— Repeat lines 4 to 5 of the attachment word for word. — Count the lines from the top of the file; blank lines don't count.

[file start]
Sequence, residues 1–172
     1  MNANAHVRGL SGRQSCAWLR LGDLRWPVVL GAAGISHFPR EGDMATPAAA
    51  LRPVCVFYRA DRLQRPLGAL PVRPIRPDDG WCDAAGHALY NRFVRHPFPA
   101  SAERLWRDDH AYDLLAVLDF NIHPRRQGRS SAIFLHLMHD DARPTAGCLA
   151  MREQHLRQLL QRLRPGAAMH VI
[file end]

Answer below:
   101  SAERLWRDDH AYDLLAVLDF NIHPRRQGRS SAIFLHLMHD DARPTAGCLA
   151  MREQHLRQLL QRLRPGAAMH VI